Upcycling is a fun, innovative way to turn garments into new creations. You can turn a pair of jeans into a tote bag, two sweaters into one, or just add an extra flourish to a garment you already own.
Our first Upcycle Workshop is in full swing, with another run of it open for registration now! In this class, you can learn how to turn two of your own garments into a brand new item!
One of the best parts of upcycling is that there are so many ways to get inspired and learn! There are endless online resources on across social media platforms like Instagram, TikTok, Pinterest, and YouTube, as well as independent bloggers! Just search up the technique or style you are curious about and you are sure to find a great resource! Some of our favourite upcycling content creators are:
Paint A New Design!
Learning the skill of fabric painting can be an excellent way to breathe new life into your wardrobe. Whether you are covering up a stain/discolouration caused by too many washes, or just wanting to give your garment a fresh look, adding a little paint can go a long way!
At EcoEquitable, we host a couple of our own Fabric Painting classes, where you can learn the basics of the art so that you can go forward into your own projects with confidence and skill. Our two upcoming Fabric Painting Classes are: Learn to Sew and Fabric Paint, and Fabric Painting Class - Baseball Cap.
Here are a couple of examples of Fabric Painting projects:
What To Do If You're Not Into DIY?
The onus of cleaning up fast fashion's mess should not only fall on the shoulders of the average person, but should be taken on by our governments as well as the brands which are causing harm in the first place.
One Vancouver MP, Don Davies, has introduced a bill to parliament, calling upon the government to create a Strategy for Sustainable Textiles. This bill was introduced in June, and with Parliament back from their summer break, we at Eco hope to see some forward movement with it. You can read more about this in our blog post, Vancouver's Textile Waste Reduction Bill. In addition to our government, we should also be looking towards the brands which claim they are doing a lot for the environment.
H&M is an excellent example of a brand which looks like it is practicing sustainable methods through their Rewear program, but which is actually reinforcing the ideas of overconsumption and buying new clothes for cheaper. On the H&M website, they have a section where any individual can sign up to resell their own clothes on the company's platform. However, when it comes to payment, these are the options: "15% of selling price will be deducted by Rewear. If you choose to get paid with an H&M gift card, you will receive an increase of 20% on your selling price" - H&M Rewear. Do you see the problem?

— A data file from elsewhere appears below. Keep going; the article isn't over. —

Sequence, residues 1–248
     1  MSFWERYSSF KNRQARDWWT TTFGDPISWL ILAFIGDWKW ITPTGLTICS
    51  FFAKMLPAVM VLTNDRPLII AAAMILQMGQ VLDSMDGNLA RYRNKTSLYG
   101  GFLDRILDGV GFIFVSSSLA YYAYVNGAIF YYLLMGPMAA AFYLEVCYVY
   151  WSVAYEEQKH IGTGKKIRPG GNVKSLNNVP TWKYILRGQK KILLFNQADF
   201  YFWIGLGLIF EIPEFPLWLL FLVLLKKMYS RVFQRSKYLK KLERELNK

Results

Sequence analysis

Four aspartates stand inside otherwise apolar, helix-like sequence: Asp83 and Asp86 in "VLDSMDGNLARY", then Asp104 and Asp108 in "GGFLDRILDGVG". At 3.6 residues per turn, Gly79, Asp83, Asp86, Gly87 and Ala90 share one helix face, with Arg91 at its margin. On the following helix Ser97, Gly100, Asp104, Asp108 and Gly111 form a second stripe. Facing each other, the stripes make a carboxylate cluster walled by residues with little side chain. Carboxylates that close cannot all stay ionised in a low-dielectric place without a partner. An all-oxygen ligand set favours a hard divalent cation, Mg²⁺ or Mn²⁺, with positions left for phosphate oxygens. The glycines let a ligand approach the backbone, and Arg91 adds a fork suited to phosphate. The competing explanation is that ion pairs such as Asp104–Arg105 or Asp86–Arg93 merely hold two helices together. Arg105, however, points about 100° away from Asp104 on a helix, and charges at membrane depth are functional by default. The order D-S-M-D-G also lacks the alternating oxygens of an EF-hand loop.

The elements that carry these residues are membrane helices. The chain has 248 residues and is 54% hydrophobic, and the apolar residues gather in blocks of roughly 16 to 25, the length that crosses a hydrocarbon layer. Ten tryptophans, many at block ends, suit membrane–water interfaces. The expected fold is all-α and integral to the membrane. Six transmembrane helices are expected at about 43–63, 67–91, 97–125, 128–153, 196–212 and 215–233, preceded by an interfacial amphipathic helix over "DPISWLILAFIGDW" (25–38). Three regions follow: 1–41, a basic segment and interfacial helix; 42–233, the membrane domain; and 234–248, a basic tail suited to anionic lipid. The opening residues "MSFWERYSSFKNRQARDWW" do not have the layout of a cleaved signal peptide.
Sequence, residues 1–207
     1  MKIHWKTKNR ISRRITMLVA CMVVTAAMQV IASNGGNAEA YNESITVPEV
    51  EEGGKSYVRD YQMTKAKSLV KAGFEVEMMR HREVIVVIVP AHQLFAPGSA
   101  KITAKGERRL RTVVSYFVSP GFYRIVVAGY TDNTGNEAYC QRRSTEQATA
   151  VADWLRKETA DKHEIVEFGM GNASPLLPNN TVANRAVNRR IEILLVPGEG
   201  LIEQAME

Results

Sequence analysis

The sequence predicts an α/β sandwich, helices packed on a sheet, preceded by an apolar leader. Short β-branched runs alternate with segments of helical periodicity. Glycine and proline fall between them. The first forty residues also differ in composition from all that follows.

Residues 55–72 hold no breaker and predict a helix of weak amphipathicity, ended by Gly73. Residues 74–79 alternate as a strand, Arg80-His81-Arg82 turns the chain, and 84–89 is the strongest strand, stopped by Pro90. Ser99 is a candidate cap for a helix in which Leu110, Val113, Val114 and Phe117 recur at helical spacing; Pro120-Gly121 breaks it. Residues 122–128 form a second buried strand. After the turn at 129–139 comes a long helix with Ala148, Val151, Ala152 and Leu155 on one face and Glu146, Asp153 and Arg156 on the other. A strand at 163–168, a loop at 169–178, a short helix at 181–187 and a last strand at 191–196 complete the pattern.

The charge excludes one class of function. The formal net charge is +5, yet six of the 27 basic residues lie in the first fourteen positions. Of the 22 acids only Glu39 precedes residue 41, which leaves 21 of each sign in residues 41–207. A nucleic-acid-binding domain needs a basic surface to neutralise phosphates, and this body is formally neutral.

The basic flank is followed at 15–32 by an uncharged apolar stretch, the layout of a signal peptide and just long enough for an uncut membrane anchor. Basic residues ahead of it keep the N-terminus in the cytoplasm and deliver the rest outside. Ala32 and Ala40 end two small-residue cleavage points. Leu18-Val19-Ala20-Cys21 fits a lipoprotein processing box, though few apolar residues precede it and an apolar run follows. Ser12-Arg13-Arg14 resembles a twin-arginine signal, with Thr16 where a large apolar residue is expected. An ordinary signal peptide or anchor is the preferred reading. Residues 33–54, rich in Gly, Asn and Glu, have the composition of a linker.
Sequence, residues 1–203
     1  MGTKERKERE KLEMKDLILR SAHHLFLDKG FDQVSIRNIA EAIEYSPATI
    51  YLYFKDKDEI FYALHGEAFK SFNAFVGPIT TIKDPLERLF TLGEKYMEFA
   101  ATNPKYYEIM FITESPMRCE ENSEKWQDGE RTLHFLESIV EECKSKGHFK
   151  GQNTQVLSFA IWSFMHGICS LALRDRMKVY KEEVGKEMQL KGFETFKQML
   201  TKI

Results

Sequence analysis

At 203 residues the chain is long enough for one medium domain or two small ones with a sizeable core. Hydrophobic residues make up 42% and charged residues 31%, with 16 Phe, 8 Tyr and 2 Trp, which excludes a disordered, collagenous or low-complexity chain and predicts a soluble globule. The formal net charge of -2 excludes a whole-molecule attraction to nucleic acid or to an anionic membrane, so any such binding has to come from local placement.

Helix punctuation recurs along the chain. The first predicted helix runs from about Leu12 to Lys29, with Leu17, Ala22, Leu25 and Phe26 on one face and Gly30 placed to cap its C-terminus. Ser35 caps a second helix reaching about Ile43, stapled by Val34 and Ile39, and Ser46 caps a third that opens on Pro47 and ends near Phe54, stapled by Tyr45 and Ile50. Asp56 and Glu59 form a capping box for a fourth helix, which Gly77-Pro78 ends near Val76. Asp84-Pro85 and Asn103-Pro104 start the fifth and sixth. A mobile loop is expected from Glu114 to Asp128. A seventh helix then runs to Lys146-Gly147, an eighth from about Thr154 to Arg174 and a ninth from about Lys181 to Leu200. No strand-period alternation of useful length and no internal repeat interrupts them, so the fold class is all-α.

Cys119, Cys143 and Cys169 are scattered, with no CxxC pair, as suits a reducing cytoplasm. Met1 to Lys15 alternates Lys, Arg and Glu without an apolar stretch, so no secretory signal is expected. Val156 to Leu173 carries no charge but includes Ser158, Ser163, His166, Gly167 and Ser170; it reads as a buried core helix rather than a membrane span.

Rather than promoting the idea of reuse, the company tempts potential sellers (*customers*) with extra money on a gift card to their own store. This reinforces the idea that buying new clothes for low cost is a positive thing, when we know that the belief that cheaper is better is one that perpetuates low pay for garment workers. As individuals, we have the power to take away these covetous opportunities for companies like H&M, and instead practice truly circular fashion while demanding that big companies do better.
To practice reuse of garments, and save some money, we at Eco recommend doing clothing swaps with your friends! A clothing swap is when each person brings one or two wearable items, and folks swap for something someone else brings! It's free, and a great excuse to get together with friends.
If you would like to resell, we recommend donating your clothes to small, local thrift shops, such as Thrive Thrift.
A great way to hold larger brands accountable is to talk with people you know about the greenwashing that occurs. Raising awareness about the lack of fair wages and the innumerable environmental atrocities isd a great way to deter more people from supporting big brands until they make real policy changes to their operations.
You can track how sustainable your favourite brands are by using the website Good On You. They rate thousands of fashion brands on a scale of "We Avoid" to "Great" and track everything from how transparent brands are, to how much their workers get paid, and what their environmental impact is.
These are just a few options, and we would love to hear from you about what you do to practice sustainable fashion in every day life! Leave a comment below and let us know!
Written by: A. B. Hart